A Fake Job Offer Reportedly Led to Axie Infinity's $600M Hack

Lazarus, a hacker group associated with North Korea, is thought to be behind the hack.

Daniel Van Boom Senior Writer
Daniel Van Boom is an award-winning Senior Writer based in Sydney, Australia. Daniel Van Boom covers cryptocurrency, NFTs, culture and global issues. When not writing, Daniel Van Boom practices Brazilian Jiu-Jitsu, reads as much as he can, and speaks about himself in the third person.
Expertise Cryptocurrency, Culture, International News
Daniel Van Boom
2 min read
A screenshot from Axie Infinity.
Sky Mavis

Last August, play-to-earn game Axie Infinity was on top of the world. The Pokemon-inspired game was generating developer Sky Mavis over $15 million in revenue each day, and some players in Southeast Asia were earning enough cryptocurrency to live off.

Fast forward 11 months: The price of Axie NFTs and the game's Smooth Love Potion cryptocurrency have collapsed. There are many reasons why, but one of the most important is a hack that took place in March.

A hacker managed to exploit the Ronin blockchain that Axie Infinity uses to steal $620 million worth of crypto. Sky Mavis previously said it was achieved through a phishing scheme, and the US government said Lazarus, a North Korea-backed outfit, was behind the heist. 

A report from The Block on Wednesday revealed that the hack was socially engineered via a fake job offer.

A senior Sky Mavis engineer was targeted by "recruiters" on LinkedIn who hoped to sign him to their company, reports The Block, citing sources familiar with the matter. The recruiting process involved several interviews and ended with a job offer, sent via PDF. The company, however, didn't exist, and the PDF was laced with spyware.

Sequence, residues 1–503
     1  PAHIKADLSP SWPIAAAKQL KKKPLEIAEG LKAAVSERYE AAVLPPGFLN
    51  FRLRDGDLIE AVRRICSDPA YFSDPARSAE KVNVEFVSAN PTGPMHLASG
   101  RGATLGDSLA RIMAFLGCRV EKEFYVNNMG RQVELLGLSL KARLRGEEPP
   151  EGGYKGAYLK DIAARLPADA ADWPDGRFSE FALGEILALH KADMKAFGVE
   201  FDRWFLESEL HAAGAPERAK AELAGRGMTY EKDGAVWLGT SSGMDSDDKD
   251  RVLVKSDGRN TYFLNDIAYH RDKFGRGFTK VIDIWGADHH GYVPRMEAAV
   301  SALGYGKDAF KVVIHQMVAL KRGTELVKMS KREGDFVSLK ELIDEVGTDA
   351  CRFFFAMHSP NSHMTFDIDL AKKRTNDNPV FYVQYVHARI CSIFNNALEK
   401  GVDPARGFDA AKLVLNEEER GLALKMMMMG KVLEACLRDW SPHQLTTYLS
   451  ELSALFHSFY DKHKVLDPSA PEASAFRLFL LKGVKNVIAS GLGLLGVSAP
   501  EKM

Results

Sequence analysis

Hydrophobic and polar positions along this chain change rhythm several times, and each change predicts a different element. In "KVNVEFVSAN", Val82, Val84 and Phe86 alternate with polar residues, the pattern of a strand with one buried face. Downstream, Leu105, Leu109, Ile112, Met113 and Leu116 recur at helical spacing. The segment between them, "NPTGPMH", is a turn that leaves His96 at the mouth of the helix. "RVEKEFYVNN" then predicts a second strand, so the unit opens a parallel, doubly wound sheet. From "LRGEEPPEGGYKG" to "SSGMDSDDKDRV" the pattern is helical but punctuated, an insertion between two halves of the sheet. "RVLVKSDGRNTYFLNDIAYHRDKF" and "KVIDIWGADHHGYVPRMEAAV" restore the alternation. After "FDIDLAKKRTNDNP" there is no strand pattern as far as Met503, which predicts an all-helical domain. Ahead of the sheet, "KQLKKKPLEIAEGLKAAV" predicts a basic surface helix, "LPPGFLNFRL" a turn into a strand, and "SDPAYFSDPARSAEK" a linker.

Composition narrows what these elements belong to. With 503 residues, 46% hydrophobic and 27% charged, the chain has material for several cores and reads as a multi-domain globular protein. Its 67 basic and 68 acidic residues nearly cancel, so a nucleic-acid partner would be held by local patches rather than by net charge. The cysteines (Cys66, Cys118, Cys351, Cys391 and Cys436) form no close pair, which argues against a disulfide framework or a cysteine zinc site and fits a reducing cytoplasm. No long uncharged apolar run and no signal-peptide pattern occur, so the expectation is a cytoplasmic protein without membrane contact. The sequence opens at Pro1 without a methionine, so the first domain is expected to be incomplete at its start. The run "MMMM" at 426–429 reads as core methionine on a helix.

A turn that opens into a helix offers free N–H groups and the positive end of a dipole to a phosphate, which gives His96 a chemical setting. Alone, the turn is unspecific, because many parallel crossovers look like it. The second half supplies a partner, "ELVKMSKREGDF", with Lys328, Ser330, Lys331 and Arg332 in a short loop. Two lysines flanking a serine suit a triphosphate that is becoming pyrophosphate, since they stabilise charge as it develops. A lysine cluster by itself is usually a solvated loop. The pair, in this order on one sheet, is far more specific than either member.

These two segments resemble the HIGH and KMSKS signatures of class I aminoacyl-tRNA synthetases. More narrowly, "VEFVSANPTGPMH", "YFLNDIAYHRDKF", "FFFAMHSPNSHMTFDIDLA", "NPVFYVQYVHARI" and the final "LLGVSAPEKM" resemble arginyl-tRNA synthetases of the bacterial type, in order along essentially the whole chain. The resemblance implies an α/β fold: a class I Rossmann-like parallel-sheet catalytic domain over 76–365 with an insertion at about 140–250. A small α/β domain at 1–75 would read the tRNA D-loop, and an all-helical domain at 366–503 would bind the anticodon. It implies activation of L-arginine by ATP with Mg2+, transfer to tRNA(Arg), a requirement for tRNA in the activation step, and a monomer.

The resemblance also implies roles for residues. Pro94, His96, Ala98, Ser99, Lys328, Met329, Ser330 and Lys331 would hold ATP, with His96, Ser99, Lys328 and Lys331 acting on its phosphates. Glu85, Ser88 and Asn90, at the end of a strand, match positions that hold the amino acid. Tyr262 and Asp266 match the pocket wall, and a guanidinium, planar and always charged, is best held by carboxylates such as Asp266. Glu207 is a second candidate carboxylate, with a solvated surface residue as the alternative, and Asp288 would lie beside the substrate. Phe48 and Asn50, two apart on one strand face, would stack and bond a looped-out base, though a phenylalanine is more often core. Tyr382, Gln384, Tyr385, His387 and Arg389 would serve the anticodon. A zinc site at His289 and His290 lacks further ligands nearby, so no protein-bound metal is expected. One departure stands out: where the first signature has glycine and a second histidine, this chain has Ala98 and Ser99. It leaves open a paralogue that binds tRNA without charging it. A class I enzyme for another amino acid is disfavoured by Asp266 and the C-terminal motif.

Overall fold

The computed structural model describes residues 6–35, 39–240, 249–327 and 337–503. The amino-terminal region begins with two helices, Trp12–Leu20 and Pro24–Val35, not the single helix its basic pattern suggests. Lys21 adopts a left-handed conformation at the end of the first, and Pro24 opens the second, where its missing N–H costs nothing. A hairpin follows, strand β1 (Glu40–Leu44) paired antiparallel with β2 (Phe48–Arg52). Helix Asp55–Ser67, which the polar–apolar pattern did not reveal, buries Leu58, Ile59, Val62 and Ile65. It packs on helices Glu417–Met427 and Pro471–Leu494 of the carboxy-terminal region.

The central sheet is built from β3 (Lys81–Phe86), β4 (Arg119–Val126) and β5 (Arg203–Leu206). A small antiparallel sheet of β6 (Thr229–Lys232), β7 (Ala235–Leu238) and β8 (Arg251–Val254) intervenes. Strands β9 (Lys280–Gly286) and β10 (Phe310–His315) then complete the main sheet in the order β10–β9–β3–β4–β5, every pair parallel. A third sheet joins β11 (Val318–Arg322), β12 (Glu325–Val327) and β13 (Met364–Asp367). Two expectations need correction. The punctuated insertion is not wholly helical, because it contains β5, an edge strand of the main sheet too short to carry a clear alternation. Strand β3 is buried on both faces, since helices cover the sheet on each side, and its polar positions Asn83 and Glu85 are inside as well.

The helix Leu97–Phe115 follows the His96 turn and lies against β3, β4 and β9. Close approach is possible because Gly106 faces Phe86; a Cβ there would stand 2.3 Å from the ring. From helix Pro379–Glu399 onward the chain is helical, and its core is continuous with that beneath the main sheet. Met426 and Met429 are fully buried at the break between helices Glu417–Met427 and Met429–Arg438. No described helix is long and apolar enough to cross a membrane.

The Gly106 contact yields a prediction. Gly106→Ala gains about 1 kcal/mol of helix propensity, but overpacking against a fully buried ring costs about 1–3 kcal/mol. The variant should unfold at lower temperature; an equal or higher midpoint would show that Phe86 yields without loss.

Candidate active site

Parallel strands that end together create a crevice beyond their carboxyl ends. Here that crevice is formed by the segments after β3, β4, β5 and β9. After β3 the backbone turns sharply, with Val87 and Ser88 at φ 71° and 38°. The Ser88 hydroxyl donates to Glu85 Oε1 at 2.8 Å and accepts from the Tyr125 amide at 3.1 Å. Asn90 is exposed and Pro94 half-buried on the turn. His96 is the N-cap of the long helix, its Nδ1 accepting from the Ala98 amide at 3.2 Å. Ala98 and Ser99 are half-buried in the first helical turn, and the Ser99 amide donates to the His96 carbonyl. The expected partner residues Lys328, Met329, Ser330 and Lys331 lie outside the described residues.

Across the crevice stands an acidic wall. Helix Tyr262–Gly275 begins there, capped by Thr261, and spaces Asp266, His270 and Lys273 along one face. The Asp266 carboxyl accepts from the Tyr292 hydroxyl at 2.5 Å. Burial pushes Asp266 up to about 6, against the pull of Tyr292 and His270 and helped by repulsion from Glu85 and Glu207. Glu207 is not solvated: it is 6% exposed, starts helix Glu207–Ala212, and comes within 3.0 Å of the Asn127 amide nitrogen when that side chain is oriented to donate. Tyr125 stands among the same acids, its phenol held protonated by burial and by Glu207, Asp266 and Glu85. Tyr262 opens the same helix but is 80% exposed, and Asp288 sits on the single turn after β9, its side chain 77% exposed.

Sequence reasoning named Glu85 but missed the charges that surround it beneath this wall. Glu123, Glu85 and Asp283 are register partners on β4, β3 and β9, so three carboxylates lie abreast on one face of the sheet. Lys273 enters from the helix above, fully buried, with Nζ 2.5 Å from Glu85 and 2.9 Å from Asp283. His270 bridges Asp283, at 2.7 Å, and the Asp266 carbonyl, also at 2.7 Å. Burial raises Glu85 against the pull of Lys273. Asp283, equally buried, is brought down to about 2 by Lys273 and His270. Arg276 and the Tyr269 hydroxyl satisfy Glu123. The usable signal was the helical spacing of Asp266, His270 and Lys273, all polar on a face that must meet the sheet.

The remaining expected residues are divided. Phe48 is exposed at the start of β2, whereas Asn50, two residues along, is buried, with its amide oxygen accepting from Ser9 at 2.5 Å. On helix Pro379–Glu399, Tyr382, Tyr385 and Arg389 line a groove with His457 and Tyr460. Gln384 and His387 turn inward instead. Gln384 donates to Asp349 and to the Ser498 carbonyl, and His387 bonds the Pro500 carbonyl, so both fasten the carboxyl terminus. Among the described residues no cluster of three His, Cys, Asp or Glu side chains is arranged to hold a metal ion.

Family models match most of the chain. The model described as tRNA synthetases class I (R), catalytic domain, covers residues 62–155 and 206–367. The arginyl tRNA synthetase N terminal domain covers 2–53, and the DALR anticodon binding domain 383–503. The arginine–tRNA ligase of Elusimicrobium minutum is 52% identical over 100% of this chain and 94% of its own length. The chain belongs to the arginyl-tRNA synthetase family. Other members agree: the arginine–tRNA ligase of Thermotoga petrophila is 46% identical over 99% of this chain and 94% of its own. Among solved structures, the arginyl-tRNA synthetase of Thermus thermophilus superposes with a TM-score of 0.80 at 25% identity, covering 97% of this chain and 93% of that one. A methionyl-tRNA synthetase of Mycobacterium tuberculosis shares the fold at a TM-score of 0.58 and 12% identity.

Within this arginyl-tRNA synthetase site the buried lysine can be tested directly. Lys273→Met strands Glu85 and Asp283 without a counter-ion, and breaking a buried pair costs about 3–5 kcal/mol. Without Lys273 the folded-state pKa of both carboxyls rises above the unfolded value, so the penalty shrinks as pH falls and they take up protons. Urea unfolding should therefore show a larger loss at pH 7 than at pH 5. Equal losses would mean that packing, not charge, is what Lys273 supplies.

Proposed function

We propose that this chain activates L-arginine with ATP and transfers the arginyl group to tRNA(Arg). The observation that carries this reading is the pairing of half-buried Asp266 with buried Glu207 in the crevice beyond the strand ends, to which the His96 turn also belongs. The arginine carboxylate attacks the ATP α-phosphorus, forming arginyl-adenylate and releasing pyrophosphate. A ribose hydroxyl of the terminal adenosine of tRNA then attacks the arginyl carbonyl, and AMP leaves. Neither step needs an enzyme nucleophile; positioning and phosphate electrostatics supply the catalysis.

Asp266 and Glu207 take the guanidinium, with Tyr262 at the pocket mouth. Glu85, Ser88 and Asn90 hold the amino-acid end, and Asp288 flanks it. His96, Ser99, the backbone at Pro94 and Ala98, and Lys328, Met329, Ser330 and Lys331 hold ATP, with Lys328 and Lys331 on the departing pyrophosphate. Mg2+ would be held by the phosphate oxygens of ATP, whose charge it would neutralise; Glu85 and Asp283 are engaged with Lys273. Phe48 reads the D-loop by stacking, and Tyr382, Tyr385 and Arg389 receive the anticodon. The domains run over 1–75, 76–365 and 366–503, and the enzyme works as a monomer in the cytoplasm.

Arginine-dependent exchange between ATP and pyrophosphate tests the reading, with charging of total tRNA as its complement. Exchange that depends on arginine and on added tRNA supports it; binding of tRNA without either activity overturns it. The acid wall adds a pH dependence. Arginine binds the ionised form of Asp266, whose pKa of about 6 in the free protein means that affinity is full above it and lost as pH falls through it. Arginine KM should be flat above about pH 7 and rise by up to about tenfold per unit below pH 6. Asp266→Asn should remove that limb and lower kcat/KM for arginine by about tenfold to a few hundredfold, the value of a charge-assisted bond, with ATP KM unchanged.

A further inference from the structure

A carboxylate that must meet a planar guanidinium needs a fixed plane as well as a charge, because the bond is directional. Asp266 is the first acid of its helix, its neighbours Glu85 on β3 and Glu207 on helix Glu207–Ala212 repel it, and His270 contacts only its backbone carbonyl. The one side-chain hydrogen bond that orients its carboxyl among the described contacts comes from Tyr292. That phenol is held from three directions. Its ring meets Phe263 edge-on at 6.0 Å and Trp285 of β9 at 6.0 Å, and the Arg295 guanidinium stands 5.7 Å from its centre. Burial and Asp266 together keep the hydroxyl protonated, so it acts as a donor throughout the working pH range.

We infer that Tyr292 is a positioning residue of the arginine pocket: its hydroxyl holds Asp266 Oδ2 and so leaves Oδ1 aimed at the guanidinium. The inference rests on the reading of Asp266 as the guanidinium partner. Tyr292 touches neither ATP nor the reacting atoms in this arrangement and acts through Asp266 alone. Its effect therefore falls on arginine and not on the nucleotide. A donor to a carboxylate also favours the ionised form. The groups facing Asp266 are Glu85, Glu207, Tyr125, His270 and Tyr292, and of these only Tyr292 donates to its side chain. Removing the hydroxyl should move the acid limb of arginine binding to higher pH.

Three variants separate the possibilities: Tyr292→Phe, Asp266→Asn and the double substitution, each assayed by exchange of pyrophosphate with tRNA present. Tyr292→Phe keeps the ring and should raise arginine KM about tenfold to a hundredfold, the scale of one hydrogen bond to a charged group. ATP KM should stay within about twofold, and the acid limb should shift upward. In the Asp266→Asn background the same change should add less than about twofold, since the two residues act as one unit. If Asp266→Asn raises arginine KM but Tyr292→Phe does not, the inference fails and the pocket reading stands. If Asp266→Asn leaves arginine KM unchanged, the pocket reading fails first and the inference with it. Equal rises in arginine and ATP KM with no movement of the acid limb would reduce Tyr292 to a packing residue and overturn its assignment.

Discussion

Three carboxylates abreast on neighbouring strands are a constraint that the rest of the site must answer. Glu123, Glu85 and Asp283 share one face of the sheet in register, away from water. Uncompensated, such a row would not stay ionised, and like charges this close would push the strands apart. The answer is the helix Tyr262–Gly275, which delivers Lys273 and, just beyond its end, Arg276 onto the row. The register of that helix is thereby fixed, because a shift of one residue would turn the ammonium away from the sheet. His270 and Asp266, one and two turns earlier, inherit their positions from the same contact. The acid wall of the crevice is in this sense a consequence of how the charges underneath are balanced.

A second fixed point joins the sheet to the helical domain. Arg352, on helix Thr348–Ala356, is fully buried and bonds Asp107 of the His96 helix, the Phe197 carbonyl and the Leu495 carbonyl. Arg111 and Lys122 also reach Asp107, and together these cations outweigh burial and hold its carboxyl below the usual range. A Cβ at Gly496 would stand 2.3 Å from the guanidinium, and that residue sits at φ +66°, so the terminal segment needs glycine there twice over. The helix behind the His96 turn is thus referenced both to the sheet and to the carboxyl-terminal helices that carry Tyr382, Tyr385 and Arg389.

Ronin is a Proof-of-Authority blockchain, which means control over the network is given to hand-picked validators. At the time of the hack, Axie Infinity had nine validators. For a bad actor to take control of Ronin, they needed to take control of five of those nine validators. For a bad actor to take complete control of the bitcoin blockchain, which uses Proof-of-Work, they would need 51% of the electricity being utilized by every bitcoin miner in the world. While bitcoin is designed to be secure at all costs, Ronin's sole purpose was to provide cheap, quick transactions for Axie Infinity players. 

A screenshot of Axie Infinity's marketplace.

Axie Infinity sees players battle and breed Axie monsters, which are owned as NFTs. At its peak, bottom-tier Axies were selling for over $300 each. They now fetch far less -- with Axies often selling for under $10. 

Sky Mavis

The spyware encased in that PDF, reports The Block, allowed the hacker to control four of Ronin's nine validators. Hackers then got access to community-run Axie DAO, which had access to one more validator. Once they controlled the network, hackers drained Axie Infinity's treasury of $25 million in the USDC stablecoin and 173,600 ether. After ether's dramatic price drop, the total steal is now worth $229 million.

Sky Mavis was contacted for comment but didn't immediately respond. In an April post-mortem, the Axie team wrote: "Sky Mavis employees are under constant advanced spear-phishing attacks on various social channels and one employee was compromised. This employee no longer works at Sky Mavis. The attacker managed to leverage that access to penetrate Sky Mavis IT infrastructure and gain access to the validator nodes."

Since the hack, Sky Mavis has attempted to make amends with Axie Players. Following a $150 million funding round in April, Sky Mavis is reimbursing players who lost crypto in the hack. To boost up security, Ronin now has 11 validators rather than nine.